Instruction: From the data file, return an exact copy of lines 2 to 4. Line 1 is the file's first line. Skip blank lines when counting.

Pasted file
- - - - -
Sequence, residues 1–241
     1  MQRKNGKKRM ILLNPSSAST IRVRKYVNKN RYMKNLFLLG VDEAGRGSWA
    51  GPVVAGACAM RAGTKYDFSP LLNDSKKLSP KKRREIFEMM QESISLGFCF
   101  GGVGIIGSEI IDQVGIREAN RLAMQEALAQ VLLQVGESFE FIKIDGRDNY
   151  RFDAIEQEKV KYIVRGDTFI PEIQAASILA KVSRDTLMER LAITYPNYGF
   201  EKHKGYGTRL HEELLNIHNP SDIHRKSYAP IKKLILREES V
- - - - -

     1  MQRKNGKKRM ILLNPSSAST IRVRKYVNKN RYMKNLFLLG VDEAGRGSWA
    51  GPVVAGACAM RAGTKYDFSP LLNDSKKLSP KKRREIFEMM QESISLGFCF
   101  GGVGIIGSEI IDQVGIREAN RLAMQEALAQ VLLQVGESFE FIKIDGRDNY